Edgewater defends gassing goose population as activists fight the practice

Animal rights activists and Edgewater borough officials are in a disagreement about how to best handle the town’s goose population.

People against Edgewater's practice of gassing geese in town have erected Billboard such as these around town.

People against Edgewater's practice of gassing geese in town have erected Billboard such as these around town. (5/18/16)

EDGEWATER - Animal rights activists and Edgewater borough officials are in a disagreement about how to best handle the town’s goose population.

After it was revealed that geese caused the “Miracle on the Hudson” plane to go down, Edgewater officials began controlling the population. The borough has a contract with the U.S. Department of Agriculture, which means that each year around mid-May the geese are euthanized by gas.

However, many animal rights activists say that this is inhumane. Protesters have put up billboards and collected hundreds of signatures on petitions to stop the practice.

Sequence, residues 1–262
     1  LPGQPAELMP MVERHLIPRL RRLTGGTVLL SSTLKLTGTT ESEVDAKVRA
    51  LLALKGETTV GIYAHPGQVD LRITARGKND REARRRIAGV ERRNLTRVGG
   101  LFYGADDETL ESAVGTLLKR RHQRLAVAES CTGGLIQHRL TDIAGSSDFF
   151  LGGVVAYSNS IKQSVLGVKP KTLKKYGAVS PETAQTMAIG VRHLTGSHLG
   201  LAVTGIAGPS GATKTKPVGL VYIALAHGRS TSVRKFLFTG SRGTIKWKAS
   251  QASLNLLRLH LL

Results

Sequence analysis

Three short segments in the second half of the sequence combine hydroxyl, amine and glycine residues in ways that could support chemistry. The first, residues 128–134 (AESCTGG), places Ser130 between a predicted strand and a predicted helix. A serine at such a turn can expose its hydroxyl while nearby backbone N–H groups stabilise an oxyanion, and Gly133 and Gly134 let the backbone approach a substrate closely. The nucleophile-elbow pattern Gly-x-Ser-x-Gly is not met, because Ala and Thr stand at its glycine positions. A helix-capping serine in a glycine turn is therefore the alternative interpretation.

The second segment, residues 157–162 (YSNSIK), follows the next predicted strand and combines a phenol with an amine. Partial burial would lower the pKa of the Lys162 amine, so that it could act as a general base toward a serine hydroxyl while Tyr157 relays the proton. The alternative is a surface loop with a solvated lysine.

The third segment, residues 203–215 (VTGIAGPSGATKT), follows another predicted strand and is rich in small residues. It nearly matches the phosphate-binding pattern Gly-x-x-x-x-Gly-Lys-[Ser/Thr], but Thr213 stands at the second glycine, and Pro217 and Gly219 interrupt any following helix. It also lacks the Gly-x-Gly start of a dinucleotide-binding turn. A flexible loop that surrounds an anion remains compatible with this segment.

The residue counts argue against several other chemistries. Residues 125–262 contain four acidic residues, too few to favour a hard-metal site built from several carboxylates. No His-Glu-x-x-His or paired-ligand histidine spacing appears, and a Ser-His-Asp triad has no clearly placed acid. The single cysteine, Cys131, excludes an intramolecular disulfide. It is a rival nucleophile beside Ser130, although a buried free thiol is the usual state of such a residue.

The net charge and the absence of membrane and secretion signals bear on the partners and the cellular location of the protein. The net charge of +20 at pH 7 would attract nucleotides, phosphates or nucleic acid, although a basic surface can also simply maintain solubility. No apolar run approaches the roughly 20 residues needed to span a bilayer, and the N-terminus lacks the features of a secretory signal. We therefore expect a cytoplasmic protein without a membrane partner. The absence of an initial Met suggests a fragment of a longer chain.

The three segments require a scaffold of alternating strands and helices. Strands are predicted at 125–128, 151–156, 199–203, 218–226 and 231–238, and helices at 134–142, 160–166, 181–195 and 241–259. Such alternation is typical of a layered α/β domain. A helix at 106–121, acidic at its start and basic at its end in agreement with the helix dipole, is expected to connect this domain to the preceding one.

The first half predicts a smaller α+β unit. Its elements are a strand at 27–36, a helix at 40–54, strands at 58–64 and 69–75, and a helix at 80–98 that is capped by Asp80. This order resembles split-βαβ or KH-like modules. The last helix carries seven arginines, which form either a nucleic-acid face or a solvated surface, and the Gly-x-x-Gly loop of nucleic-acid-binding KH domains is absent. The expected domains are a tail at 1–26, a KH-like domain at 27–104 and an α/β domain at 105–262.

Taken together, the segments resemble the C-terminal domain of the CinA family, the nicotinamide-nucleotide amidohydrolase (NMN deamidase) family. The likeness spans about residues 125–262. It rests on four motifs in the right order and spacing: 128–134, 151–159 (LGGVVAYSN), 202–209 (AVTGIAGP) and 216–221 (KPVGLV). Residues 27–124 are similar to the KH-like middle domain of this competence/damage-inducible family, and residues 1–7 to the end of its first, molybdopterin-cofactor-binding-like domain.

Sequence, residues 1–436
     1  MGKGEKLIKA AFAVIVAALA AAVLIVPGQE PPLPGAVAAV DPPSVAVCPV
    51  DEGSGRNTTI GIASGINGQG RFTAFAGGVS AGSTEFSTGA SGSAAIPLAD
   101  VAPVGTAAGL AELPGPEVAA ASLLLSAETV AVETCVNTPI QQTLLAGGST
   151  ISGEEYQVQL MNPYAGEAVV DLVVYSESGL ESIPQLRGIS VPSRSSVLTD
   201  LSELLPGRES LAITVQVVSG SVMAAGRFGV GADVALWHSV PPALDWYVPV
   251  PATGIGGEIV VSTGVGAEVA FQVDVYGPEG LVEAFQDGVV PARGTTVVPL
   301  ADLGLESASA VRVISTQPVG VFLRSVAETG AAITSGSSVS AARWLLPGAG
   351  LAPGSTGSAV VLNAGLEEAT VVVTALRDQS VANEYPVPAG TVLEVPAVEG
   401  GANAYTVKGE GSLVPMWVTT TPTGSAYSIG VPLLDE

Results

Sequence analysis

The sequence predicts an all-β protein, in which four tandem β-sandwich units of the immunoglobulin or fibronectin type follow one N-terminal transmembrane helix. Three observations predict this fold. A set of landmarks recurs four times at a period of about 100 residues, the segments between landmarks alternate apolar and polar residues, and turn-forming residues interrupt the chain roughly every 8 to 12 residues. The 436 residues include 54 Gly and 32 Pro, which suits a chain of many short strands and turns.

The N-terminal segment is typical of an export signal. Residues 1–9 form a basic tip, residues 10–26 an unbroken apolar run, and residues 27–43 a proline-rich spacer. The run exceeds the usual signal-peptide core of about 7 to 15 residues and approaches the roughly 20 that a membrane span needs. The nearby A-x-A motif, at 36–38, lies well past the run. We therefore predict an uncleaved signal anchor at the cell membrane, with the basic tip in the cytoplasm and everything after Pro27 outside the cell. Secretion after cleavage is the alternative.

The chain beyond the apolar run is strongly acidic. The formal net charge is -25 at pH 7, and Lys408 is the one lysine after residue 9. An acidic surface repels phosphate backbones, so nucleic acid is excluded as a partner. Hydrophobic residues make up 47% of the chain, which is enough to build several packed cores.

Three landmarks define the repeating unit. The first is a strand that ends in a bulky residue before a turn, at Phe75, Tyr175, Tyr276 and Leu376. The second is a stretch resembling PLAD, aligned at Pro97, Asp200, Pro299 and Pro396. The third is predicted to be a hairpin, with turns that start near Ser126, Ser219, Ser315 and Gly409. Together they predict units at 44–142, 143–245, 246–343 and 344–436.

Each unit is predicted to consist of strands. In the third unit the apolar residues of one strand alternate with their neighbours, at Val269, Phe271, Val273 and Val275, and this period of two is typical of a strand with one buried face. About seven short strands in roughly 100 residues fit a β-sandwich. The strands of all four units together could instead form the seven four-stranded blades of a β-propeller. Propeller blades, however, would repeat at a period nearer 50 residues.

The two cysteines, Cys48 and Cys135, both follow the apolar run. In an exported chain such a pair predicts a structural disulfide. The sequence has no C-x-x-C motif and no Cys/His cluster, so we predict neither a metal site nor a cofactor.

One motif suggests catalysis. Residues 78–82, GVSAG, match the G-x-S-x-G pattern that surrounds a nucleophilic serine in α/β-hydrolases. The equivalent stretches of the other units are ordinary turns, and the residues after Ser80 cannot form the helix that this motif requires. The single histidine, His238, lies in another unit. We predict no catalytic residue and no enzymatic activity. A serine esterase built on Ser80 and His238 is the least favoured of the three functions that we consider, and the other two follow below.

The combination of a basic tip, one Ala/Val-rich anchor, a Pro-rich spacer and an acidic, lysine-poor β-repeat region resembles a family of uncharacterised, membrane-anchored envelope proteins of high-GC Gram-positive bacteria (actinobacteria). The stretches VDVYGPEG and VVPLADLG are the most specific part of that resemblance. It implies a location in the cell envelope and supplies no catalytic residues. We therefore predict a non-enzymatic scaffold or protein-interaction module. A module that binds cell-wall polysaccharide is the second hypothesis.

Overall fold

"They’re part of the water and nature and so whoever thinks they're a nuisance, if that's really what they're trying to solve, they can easily put a fence up,” says animal supporter Lisa Borregine.

Dozens of supporters recently went to an Edgewater Borough council meeting to ask for the gassing to stop, but were unsuccessful.

"We’re all saying that this isn't right, we don't want [them] doing this and they're ignoring us,” Borregine says.

Edgewater officials tell News 12 New Jersey that over the years they have tried several different methods to control the goose population. The methods included using cutouts of dogs, using a company to chase away the geese and using a sound system. The officials said that none of those methods worked.

Edgewater says that the town is open to alternative methods, but will renew the gassing contract for now.

About 70 municipalities across the Garden State use similar programs to control the goose population.

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